Andy Sneap is a legendary guitarist and producer, and he did an amazing job on the new album. Were you absolutely confident in your choice of producers? And now that the album is out, was it everything you expected it to be?

Oh yeah, and more. The choice of producers sounds kind of funny because we didn’t really go down a list and pick the one we had most confidence in. Just like with Mark, we happened to stumble upon Andy, or I should really say he found us. When he heard that we were reforming, he contacted us through a mutual friend and we met him and loved him and I’m so glad we went with him. After we met him, it was quite obvious he was going to be the man. Because he is a fan, because of all these thing he brought to the table, he was better than anybody we ever could have found. We have worked with other producers in the past, but some of them don’t really play guitar, some of them don’t really have this whole metal background. They’re all good in their own right but they all brought nothing along, but Andy had it all going for him. He felt like he was just one of us. Everybody loves him too, that’s kind of remarkable too. Everybody who’s ever worked with Andy or anyone who’s ever met him. He’s just an overall great guy and really knows what the heck he’s doing.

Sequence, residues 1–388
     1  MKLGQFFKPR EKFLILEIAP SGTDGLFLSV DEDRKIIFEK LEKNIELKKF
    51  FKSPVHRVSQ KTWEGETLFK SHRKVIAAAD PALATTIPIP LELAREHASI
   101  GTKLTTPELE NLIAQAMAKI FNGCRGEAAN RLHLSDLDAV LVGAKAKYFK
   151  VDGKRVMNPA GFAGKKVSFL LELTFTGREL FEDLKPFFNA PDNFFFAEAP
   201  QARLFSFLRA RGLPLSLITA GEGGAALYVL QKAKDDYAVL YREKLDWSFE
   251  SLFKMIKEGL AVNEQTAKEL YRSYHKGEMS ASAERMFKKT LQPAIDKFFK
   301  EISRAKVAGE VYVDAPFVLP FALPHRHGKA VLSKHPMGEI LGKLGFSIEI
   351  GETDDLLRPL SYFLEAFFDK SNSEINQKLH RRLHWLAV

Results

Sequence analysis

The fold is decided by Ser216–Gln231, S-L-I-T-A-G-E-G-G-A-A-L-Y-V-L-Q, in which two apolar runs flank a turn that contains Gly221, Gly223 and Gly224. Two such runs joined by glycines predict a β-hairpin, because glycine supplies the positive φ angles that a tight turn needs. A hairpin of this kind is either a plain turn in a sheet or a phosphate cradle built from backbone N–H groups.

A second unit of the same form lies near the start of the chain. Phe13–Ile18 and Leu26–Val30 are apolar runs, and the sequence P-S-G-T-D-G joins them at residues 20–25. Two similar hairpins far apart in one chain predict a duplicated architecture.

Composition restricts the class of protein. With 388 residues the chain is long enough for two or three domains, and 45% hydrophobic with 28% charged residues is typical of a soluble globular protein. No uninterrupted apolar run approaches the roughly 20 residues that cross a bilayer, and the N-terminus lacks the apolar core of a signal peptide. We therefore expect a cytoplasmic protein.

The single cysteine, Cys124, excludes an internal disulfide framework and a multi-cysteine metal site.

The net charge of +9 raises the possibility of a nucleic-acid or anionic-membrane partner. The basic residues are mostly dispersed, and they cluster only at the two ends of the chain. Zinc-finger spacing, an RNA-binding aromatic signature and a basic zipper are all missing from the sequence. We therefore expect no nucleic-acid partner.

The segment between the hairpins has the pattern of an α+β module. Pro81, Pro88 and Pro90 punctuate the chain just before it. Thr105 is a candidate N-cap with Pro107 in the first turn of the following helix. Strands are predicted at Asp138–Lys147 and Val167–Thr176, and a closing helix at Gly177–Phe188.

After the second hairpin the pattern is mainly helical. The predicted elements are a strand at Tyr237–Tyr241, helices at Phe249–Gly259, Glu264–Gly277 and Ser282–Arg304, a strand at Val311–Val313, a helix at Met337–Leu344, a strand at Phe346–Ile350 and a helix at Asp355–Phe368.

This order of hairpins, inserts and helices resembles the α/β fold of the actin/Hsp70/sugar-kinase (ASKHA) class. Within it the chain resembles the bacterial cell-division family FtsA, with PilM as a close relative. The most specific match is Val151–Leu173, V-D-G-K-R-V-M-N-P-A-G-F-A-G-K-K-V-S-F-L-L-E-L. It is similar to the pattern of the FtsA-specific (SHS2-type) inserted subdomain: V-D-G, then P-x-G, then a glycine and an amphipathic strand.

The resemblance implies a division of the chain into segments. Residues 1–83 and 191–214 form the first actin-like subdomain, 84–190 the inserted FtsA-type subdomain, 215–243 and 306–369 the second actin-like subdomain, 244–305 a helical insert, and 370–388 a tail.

With your upcoming US Tour with Kings X opening for you, how excited are you to tour after being away from it for so long?